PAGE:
A systematic review and meta-analysis [21], further qualitative interviews and theory of change workshops (Bitew T, Keynejad RC, Honikman S, Sorsdahl K, Myers B, Fekadu A, et al. Brief psychological intervention for antenatal depression: a qualitative study.) (Keynejad RC, Bitew T, Mulushoa A, Tol W, Howard LM, Hanlon C. Adapting brief, task-shared problem-solving therapy for women experiencing intimate partner violence in rural Ethiopia: a qualitative study.) were then used to adapt this locally tailored PST intervention to address the needs and experiences of women affected by IPV. The preliminary theory of change visualises health worker perspectives on the components, hypothesised mediators, intermediate and long-term outcomes of PST-IPV intervention, and factors anticipated to influence the delivery and implementation of PST-IPV (see Supplementary file 1).

Adaptation for IPV focused on international guidelines [5], which recommend identifying women experiencing IPV, training health care providers about IPV, and providing woman-centred care and support when IPV is disclosed. PST-IPV will apply a PST approach in the context of IPV, enabling IPV-related problem solving and management of mental health-related symptoms.

Participant sample size

As a feasibility trial, this study is not powered to detect intervention efficacy, but rather to estimate feasibility parameters to inform a future RCT, and test intervention and research protocols. With a total sample size of 75 (25 participants randomised to PST-IPV, 25 to PST and 25 to enhanced usual care), a drop-out rate of 30% can be estimated to within a 95% confidence interval of ±3%. To estimate the standard deviation of the primary feasibility outcome measure to inform a future RCT sample size calculation, recommended feasibility trial sample sizes range between a total of 24 and 50 across two arms [56, 57].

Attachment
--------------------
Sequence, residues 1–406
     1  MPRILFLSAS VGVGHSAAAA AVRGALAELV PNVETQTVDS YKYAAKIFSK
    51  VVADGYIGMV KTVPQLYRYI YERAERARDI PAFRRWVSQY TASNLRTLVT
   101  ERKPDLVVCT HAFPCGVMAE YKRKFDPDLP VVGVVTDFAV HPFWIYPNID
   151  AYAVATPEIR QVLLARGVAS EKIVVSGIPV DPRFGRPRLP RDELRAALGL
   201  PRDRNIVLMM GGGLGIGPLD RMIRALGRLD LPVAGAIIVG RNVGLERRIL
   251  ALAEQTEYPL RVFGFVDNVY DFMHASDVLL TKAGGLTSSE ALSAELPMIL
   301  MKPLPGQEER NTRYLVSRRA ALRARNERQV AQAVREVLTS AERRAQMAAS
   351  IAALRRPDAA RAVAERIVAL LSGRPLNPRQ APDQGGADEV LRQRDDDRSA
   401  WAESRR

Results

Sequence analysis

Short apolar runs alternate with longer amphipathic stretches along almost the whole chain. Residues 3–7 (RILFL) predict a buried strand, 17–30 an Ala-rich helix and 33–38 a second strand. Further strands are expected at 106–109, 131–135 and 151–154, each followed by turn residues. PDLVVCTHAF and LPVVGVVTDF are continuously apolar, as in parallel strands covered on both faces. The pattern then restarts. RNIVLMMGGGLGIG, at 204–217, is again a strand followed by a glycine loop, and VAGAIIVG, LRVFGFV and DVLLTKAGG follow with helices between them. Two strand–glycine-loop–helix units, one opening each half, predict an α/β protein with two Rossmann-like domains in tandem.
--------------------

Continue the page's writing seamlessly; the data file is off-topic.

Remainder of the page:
Participant recruitment

Research staff will consult health care workers based in primary hospitals and/or health centres in Gurage and Silt’e zones to identify potentially eligible women meeting those inclusion criteria about which information is held for screening. Potentially eligible women will be approached through ANC clinics and HEW home visits by research staff and provided with written and verbal information in Amharic, before being invited to give written, informed consent to initial screening. Non-literate women will signify their consent by finger print. A high school-educated assistant will act as a witness to confirm that the information sheet has been read aloud correctly to non-literate women. Women screened as eligible to participate in the randomised feasibility trial will then be invited to give written, informed consent to participate. As with screening, non-literate women will signify their consent to participate in the trial by witnessed finger print.

Due to potential risks of abusive partners learning of women’s involvement, information sheets, consent forms and other study paperwork will be kept in the locked research office after being read and signed but will be accessible to women at their request. Due to logistical challenges affecting women’s daily lives in this setting, it is not possible to give prospective participants 24 h to decide whether to take part. However, a minimum of 30 min will be allowed for the woman to make up her mind about participating in the study.